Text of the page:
Sister Helen Prejean Speaks to the Interfaith Gathering at the Democratic National Convention

I received this email recently sharing the words of Sister Helen Prejean to the Interfaith Gathering at the Democratic National Convention. Here are some excerpts:


Jesus said, “Blessed are the eyes that see what you see, the ears that hear what you hear.” O God, give us ears to hear and eyes to see. Oh, say, what do we see by the dawn’s early light? We are a nation in crisis, a nation with eight out of ten of us sensing that we’re going down the wrong road. I speak today as a woman of faith, a woman in the Christian tradition, to address our sacred responsibility to our nation – sacred responsibility is the language of the soul, of the holy, the call to responsibility that goes deeper than politics. My deepest lessons about sacred responsibility to our nation I have learned in government killing chambers, the darkest, most hidden corner of America. As spiritual advisor I have accompanied six human beings to their deaths. I do not know what these six men experienced physically as they were killed, but I do know that they experienced great mental anguish, preparing for death, anticipating death, and so dying in their minds a thousand times before they died. Inherent in the practice of the death penalty is the practice of mental torture. I have also been privileged to accompany murder victims’ families in their search for healing. The real heroes of my book, Dead Man Walking are a father and mother, Lloyd and Eula LeBlanc, whose only son was murdered. Lloyd said, “Jesus told us to forgive. I am not going to let hate take over me because then I’d be dead too.”

… What has happened to us? Practice of the death penalty on our own soil has, I believe, developed a mindset that makes it easier for us to kill those we designate as enemies – or suspected enemies – and to torture them. The death penalty, far from being a peripheral moral issue concerned with the punishment of a few criminals, reveals the very soul of America, and it lays bare our deepest wounds: our racism, our assault on poor people, and our ready instinct to use violence to solve social problems. The death penalty is riddled with racism. Overwhelmingly the punishment of death is meted out to those who kill white people – eight out of every ten persons on death row is there for killing a white person. Rarely is the death penalty sought for those who kill people of color, even though most victims of homicide – 50% plus – are people of color. Disproportionately singles out poor people. 95% of death row prisoners are poor. Death is almost exclusively punishment for poor people. And the third wound. our country’s almost-DNA-gene instinct to kill the enemy as the only way to be secure. Here’s the pattern: target the enemy, dehumanize the enemy, kill the enemy. And if needed,torture the enemy since he or she is not human anyway. I invite dialogue with both presidential candidates on this issue of the death penalty: no matter how restricted your criteria for use of the death penalty, e.g., that it should only be applied for crimes so heinous that the full outrage of the community must be expressed. The problem with this criterion is that outrage of the community is very uneven, very weighted around the murder of some citizens and almost nonchalant about the murder of others. Thirty two years of experience have taught us that outrage is almost always around the death of white people, seldom over the death of poor people or people of color, no matter how terrible the crime.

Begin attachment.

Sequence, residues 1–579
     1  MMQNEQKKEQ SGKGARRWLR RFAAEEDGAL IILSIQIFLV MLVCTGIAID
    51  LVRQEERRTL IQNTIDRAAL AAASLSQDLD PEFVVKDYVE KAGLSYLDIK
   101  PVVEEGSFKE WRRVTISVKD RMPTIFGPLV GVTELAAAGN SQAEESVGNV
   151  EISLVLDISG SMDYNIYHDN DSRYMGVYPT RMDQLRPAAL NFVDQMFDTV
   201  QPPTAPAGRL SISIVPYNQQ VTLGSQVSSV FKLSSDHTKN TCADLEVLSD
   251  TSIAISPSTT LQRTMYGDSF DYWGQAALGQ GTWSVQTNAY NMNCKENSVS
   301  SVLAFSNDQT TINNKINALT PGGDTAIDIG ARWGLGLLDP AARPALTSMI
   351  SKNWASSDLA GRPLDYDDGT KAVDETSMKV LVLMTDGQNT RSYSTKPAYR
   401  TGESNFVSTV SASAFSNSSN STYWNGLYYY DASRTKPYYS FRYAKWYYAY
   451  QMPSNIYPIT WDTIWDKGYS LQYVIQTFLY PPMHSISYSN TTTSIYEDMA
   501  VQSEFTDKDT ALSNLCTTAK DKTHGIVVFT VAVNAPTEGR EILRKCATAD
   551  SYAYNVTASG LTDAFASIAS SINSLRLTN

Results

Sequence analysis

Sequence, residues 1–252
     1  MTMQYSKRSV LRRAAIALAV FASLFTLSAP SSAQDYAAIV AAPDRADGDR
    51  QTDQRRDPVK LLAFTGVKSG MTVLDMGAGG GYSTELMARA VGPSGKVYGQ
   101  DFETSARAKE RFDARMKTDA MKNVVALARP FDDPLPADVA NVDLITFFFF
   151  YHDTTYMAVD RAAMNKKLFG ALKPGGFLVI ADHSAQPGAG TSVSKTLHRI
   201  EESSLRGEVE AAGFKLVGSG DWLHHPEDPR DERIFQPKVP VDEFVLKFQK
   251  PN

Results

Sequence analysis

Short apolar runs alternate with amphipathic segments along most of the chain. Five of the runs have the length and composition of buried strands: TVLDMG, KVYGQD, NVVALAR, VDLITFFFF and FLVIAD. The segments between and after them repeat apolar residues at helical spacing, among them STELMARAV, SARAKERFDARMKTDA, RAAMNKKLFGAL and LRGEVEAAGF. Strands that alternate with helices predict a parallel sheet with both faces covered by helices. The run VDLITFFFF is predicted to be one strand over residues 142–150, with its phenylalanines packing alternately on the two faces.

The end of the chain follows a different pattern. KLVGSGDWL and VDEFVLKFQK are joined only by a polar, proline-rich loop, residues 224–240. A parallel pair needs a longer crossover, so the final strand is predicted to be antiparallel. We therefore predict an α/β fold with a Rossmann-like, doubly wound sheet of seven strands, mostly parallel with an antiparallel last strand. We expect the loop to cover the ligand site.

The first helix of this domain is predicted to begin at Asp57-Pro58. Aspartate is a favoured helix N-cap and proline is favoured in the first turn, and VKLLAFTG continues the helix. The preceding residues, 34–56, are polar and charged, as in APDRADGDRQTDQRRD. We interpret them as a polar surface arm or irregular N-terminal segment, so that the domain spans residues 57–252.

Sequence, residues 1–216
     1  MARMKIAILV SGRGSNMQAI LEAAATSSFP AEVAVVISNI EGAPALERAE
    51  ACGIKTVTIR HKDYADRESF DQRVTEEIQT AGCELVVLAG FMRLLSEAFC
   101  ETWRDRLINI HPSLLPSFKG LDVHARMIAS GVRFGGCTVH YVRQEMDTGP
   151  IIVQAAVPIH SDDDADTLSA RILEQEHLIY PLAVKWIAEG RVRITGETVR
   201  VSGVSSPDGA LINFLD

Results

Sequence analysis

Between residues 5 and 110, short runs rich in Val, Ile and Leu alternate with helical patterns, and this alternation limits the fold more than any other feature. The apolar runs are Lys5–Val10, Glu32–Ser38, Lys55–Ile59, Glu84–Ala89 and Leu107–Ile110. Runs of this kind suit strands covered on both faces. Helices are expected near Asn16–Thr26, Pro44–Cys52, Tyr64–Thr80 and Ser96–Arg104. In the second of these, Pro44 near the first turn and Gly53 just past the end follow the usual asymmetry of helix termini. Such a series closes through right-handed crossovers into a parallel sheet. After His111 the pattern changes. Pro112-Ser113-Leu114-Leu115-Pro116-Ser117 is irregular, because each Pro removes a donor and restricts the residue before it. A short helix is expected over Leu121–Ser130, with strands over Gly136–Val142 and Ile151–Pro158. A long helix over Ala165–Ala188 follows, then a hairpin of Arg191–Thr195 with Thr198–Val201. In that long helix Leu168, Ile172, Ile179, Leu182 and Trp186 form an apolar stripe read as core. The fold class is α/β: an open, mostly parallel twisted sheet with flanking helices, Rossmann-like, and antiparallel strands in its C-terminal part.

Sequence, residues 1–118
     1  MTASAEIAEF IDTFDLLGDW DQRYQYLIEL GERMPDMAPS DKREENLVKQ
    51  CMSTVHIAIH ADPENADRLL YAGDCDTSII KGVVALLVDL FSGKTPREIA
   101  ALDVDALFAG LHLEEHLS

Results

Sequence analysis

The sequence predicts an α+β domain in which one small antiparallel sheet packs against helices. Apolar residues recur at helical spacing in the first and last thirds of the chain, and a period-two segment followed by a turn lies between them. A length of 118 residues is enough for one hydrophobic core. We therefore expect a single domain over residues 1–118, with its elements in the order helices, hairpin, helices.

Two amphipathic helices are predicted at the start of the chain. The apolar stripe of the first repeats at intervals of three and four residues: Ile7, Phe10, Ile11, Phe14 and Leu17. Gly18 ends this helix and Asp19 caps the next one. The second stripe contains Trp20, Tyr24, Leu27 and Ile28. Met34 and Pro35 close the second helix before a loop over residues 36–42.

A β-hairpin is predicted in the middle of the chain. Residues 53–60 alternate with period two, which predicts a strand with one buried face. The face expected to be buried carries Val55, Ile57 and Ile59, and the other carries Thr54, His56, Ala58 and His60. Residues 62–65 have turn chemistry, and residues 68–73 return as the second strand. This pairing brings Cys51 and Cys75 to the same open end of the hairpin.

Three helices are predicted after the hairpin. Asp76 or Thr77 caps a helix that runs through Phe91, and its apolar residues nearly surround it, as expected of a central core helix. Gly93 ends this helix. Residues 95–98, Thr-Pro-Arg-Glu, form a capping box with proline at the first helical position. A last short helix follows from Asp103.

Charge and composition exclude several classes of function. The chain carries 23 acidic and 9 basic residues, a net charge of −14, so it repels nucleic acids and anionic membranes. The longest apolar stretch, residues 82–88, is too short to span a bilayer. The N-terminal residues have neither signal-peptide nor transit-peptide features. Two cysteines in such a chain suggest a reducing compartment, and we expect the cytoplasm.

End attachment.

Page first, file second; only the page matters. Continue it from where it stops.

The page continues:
…Conversations about the death penalty across this country have led me to understand that there is a deep religious underpinning to our support for the death penalty and for war against foreign enemies. It’s because many of us still have an image of a God who demands “eye for an eye,” a God pleased with sacrifice… There are contradictory images of God found in the Bible. On which one will we model our lives? Jesus forgave his executioners and showed us the way of compassion, showed a way of inclusive love that calls no one enemy, showed how we must forgive those who hurt us. He once said to a young lawyer and he says to us today: “Go and learn what this means. I desire mercy, not sacrifice…”

…No matter how terrible a person’s crime, no human being should be tortured; no human being should be killed. All religions teach that life is sacred, but Jesus showed preferential love for the “least of these.” Spiritual paths always involve change of attitudes, conversion of life. Is it not time for us as a nation to be converted from our pursuit of violence to become a nation that embraces dialogue and diplomacy with our adversaries? Are we ready to build a Peace Academy alongside our military academies?

…Oh, say, what do we see in the dawn’s early light ? Bombs bursting in air? Or a newly budding America, respectful of human rights, refusing violence, actively engaged in diplomacy with our adversaries? I’ve brought mediation books with me, Dead Man Walking and The Death of Innocents. I invite you to read them and to join me in abolishing government killing on our native soil and in inaugurating new ways to cherish and protect our Mother Earth. O God, give us eyes to see and ears to hear. Amen.

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